According to federal law, cannabis—with 0.3% THC content or higher—is classified by the DEA as a Schedule I drug with no accepted medical use. CBD products sourced from cannabis, even those with 0% THC, are illegal at a federal level by virtue of their plant origin.
Here’s the tricky thing: Both cannabis and hemp produce CBD. The CBD molecule is identical regardless of its cannabis source.
Hemp-derived CBD and cannabis-derived CBD: A legal perspective
However, at a state level, the law changes. There are 33 US states which have medical cannabis programs, and CBD derived from cannabis is available from a licensed dispensary to eligible patients. The recreational use of cannabis is also legal in 11 states. In these states, cannabis-derived CBD products are available to those of age.
Cannabis represents a richer source of cannabinoids and terpenes than industrial hemp because it contains significantly more resin . Resin is the sticky, gooey substance found on female cannabis flowers, and to a lesser extent, on its leaves. Hemp contains resin on the flowers and leaves too, but much less. Most industrial hemp cultivators need to grow large quantities of hemp to produce CBD oil, although there are now more CBD-rich hemp strains being cultivated.
Cannabis tends to have a wider terpene and cannabinoid profile than hemp. Cannabis-derived CBD from whole plant extract contains a range of beneficial terpenes and cannabinoids, including THC. These compounds work in concert with each other to provide additional benefits. This phenomenon is known as the entourage effect, and many cannabis experts assert that whole plant extracts offer greater therapeutic potential .
1. What are cannabis and marijuana?
A. No. There are no other FDA-approved drug products that contain CBD. We are aware that some firms are marketing CBD products to treat diseases or for other therapeutic uses , and we have issued several warning letters to such firms. Under the FD&C Act, any product intended to have a therapeutic or medical use, and any product (other than a food) that is intended to affect the structure or function of the body of humans or animals, is a drug. Drugs must generally either receive premarket approval by FDA through the New Drug Application (NDA) process or conform to a “monograph” for a particular drug category, as established by FDA’s Over-the-Counter (OTC) Drug Review. CBD was not an ingredient considered under the OTC drug review. An unapproved new drug cannot be distributed or sold in interstate commerce.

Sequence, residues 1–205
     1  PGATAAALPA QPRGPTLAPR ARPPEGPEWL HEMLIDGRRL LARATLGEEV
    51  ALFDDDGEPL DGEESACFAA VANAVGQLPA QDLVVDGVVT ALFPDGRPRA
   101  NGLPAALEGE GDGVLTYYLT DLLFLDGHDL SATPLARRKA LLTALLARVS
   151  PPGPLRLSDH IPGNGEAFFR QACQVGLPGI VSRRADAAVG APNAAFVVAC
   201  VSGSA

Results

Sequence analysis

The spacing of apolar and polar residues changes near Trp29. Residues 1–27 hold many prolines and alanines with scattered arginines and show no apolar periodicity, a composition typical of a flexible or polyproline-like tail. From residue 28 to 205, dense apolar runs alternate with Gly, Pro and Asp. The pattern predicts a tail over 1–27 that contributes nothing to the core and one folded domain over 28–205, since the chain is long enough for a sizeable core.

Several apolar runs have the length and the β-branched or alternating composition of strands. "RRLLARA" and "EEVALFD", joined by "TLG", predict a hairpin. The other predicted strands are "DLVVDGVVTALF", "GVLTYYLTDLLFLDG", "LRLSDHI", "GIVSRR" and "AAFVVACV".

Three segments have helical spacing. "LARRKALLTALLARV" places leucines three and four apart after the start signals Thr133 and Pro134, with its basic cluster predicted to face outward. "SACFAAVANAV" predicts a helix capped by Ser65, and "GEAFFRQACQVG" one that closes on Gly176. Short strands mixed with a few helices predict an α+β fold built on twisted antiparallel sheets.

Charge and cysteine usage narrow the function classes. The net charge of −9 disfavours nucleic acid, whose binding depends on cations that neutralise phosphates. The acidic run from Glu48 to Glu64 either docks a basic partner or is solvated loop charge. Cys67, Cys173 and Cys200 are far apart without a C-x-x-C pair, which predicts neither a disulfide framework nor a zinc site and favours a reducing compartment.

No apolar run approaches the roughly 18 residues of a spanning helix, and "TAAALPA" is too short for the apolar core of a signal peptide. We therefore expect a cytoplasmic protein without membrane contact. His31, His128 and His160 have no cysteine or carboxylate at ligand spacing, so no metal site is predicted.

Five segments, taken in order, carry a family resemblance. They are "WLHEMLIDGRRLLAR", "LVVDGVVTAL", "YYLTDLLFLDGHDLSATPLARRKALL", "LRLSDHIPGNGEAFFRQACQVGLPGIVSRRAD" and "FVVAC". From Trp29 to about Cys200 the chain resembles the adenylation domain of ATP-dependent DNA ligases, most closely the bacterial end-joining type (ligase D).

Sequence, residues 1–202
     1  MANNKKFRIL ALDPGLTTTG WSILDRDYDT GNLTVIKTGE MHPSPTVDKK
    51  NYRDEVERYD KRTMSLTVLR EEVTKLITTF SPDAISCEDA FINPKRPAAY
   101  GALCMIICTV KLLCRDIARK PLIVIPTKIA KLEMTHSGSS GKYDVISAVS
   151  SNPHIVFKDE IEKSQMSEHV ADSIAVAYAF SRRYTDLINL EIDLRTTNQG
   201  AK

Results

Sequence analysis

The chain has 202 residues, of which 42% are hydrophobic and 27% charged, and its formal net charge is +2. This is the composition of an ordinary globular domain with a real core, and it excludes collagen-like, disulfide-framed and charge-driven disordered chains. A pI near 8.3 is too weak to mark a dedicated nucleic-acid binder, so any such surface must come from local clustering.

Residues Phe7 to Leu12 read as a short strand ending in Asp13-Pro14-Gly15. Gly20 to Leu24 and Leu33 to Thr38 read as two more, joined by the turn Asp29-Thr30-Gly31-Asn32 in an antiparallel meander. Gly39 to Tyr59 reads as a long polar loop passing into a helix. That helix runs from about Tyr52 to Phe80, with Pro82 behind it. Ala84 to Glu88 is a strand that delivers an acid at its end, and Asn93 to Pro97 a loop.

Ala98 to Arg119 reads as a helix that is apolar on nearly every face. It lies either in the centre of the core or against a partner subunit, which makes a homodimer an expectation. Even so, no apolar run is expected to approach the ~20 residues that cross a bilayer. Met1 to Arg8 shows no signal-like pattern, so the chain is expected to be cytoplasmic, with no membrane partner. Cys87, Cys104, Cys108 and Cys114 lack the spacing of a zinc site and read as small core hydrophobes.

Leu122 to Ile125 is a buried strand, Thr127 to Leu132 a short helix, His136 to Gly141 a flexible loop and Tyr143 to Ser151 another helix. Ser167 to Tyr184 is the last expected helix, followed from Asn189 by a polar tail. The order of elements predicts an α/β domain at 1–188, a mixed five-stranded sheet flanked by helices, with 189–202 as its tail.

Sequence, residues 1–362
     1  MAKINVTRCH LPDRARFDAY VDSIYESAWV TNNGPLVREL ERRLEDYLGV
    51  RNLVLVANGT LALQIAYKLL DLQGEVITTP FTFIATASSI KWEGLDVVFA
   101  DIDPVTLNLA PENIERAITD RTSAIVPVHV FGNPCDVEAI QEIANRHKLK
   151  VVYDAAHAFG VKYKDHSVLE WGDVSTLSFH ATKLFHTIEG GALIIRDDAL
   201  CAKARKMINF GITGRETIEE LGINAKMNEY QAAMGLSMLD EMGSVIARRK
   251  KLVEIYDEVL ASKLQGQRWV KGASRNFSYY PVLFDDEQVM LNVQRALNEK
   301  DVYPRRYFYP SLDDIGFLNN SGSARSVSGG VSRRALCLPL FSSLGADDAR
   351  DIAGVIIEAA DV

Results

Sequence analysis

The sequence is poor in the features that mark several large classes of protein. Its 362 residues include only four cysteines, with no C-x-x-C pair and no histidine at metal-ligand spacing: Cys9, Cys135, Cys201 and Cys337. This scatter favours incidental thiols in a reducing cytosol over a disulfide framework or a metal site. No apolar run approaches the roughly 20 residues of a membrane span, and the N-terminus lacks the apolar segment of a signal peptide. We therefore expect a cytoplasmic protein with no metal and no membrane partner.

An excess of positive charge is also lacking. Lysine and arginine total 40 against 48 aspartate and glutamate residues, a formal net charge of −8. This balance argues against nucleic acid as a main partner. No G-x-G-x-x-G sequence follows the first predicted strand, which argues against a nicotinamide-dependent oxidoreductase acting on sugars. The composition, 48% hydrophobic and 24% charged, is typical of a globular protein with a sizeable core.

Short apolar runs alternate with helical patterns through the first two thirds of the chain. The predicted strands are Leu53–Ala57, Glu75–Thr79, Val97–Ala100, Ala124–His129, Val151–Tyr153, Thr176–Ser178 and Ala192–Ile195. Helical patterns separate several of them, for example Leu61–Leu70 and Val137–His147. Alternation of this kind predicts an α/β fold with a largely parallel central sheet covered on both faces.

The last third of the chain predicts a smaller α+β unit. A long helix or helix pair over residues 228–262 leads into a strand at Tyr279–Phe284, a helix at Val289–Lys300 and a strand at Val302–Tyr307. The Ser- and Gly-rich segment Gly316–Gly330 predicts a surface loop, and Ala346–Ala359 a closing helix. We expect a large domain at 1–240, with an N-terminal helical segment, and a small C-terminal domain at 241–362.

A. The FDA has sent warning letters in the past to companies illegally selling CBD products that claimed to prevent, diagnose, treat, or cure serious diseases, such as cancer. Some of these products were in further violation of the FD&C Act because they were marketed as dietary supplements or because they involved the addition of CBD to food.
23. What should I do if my child eats something containing cannabis?
A. The FDA is aware that there are potential adverse health effects with use of cannabis products containing THC in pregnant or lactating women. Published scientific literature reports potential adverse effects of cannabis use in pregnant women, including fetal growth restriction, low birth weight, preterm birth, small-for-gestational age, neonatal intensive care unit (NICU) admission, and stillbirth. [1, 2, 3] Based on published animal research, there are also concerns that use of cannabis during pregnancy may negatively impact fetal brain development. [4, 5, 6 ] The American College of Obstetricians and Gynecologists (ACOG) recommends that women who are pregnant or contemplating pregnancy should be encouraged to discontinue cannabis use. In addition, ACOG notes that there are insufficient data to evaluate the effects of cannabis use on breastfed infants; therefore, cannabis use is discouraged when breastfeeding.  Pregnant and lactating women should talk with a health care provider about the potential adverse health effects of cannabis use.
-Can provide real relief via the benefits of CBD and THC
“CBD is CBD. The human body does not care where the molecule comes from.”
Transcribed from an email response from Mary’s Medicinals by Graham Sorkin.
This tells us that while the term “medical marijuana” is commonly used by the public, the term “medical cannabis” is more broadly understood in the scientific community to encompass any cannabis plant (marijuana or hemp) used for medicinal purposes. With this in mind, a clear answer to the differences between hemp- and marijuana-derived CBD seemed less clear. Turning to experts again, we asked Franjo Grotenhermen about the differences between the two:
Given the information above, we can conclude that the CBD quality is the same whether you are using a hemp or marijuana plant, and the only real difference is the addition of THC from marijuana. So the question should not be which one is better, but what will be best for you and your lifestyle? In addition, legality within the state and country you live must be taken into consideration.
-Is legal in all 50 states
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